I recently had the pleasure of meeting Pittsburgh illustrator John Zanetta at a conference held by the American Society of Architectural Illustrators (ASAI). John has an incredible talent for visualizing urban design projects, painting traditional watercolors and knowing how to combine 3D SketchUp models, traditional hand drawing methods and hybrid digital painting techniques.
He’s a rising star in the field of visualization and I’m very pleased to feature one of John’s projects with his “step-by-step” explanation on how he created this aerial perspective for the schematic design of an Urban Agricultural District in a mid-western city.
Step 1 - Google SketchUp Composite Model. Using a hand drawn sketch and SketchUp massing model provided by the architect, John dropped the plan into the base model and added detailed context buildings into the model background which he downloaded from SketchUp 3D Warehouse. He exported the aerial view which was approved by his client prior to continuing with the visualization.
Step 2 - Overlay and Trace Method. John exported the SketchUp scene and printed it 10”x18”. He then began to block out the rendering on trace with a fine point pen, developing the image to a level in which he could review the concept with his client and discuss making any minor modifications to the drawing.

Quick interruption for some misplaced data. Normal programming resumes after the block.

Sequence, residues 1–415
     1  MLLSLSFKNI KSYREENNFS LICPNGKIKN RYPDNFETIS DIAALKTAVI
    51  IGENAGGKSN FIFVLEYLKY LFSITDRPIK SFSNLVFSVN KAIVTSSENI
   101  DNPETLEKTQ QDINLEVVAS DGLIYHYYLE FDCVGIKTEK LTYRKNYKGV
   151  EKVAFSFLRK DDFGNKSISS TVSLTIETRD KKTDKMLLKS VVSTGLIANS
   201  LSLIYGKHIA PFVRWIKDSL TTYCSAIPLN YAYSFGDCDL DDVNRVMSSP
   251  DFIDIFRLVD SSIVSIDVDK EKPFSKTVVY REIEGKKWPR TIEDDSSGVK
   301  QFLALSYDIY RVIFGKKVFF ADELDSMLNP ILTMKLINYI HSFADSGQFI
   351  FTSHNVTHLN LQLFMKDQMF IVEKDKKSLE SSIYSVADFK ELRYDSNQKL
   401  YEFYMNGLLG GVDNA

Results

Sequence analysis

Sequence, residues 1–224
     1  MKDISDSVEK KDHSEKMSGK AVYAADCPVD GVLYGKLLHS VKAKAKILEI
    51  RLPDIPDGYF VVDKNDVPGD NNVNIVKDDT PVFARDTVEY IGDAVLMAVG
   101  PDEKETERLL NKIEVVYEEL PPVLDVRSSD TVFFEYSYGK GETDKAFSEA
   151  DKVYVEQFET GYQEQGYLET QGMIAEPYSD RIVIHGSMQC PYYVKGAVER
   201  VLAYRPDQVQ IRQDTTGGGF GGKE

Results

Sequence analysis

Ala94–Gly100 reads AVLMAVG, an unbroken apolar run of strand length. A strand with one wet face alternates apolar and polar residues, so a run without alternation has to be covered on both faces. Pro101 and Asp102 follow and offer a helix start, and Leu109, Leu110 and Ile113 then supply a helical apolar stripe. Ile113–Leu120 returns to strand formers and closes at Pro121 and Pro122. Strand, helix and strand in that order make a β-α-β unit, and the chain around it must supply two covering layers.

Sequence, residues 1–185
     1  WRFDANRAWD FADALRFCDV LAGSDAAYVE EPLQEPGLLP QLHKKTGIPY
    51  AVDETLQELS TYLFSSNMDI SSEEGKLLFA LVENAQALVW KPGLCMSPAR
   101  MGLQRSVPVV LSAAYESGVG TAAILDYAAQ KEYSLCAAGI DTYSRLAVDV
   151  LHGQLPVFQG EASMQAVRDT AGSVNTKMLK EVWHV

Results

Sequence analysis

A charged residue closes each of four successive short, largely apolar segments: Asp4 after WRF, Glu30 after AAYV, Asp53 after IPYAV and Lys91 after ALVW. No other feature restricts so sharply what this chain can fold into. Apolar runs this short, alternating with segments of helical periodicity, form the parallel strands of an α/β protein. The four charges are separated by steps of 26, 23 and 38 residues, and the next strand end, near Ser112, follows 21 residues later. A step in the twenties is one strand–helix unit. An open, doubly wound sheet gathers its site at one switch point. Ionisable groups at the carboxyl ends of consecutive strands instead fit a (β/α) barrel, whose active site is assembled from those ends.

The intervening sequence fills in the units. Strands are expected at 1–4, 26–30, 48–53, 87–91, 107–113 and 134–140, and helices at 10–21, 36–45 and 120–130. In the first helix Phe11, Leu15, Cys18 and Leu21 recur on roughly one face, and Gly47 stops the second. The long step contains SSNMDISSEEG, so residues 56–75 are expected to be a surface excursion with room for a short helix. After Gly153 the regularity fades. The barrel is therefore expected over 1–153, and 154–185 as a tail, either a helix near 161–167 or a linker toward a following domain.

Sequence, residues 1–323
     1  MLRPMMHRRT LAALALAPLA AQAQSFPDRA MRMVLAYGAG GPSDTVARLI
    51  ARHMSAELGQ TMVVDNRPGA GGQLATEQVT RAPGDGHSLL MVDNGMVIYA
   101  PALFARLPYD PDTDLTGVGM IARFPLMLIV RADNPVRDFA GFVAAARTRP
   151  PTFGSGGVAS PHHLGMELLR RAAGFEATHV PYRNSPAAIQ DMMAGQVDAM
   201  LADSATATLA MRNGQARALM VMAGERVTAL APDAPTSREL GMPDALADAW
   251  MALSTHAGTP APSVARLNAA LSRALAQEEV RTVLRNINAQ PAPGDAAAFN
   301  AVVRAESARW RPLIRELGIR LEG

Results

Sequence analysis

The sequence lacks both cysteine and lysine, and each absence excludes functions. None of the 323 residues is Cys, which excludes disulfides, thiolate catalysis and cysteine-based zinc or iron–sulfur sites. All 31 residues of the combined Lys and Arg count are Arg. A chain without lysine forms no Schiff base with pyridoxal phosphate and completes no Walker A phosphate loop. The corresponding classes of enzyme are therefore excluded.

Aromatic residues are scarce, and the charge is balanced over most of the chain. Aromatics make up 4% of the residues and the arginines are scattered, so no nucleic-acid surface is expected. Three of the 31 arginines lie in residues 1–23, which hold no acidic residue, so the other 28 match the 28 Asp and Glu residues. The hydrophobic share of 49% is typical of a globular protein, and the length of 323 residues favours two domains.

Step 3 - Completed Ink Line Drawing. Based on feedback from his client, John completed the black and white line drawing and scanned the image in preparation for the digital painting process.
Step 4 - Base Gradients. John’s first phase of the digital painting process involved applying a base gradient in Photoshop. He selected the direction of the light source and added warmer tones to the center of interest in the perspective. All digital coloring was done in Adobe Photoshop using a Wacom tablet.
Step 5 - Major Color Fields. John blocked out primary fields of color on separate layers. The base gradient layer was placed on the bottom layer and was visible through several of the upper layers. As shown in the layer structure (right side of the image), all of the layers of color were built up from the bottom up as one would do in an oil painting.
Step 6 - Building Detail. Within the blocked out layers, John applied some detail to the buildings keeping in mind the direction of the light source and using gradients to vary surfaces. Within each of the layers John used the “link layers” feature to stay inside the areas that he had originally blocked off. John used this feature throughout the process.
Step 7 - Reinforce Light Source. John continued to apply gradients within each blocked out layer to hint at the light source and add interest to the illustration.
Step 8 - Refine Color Fields and Texture. John continued blocking out the smaller color fields and adding texture manually with his Wacom tablet, mimicking brush strokes as well as putting a texture over the entire image.
Step 9 - Final Shadows. John added the base shadows to buildings and landscaping using the layer blending option “multiply” so the color underneath would affect the shadow color. The final image was eventually flattened and sent to the client for presentation. Great work John!
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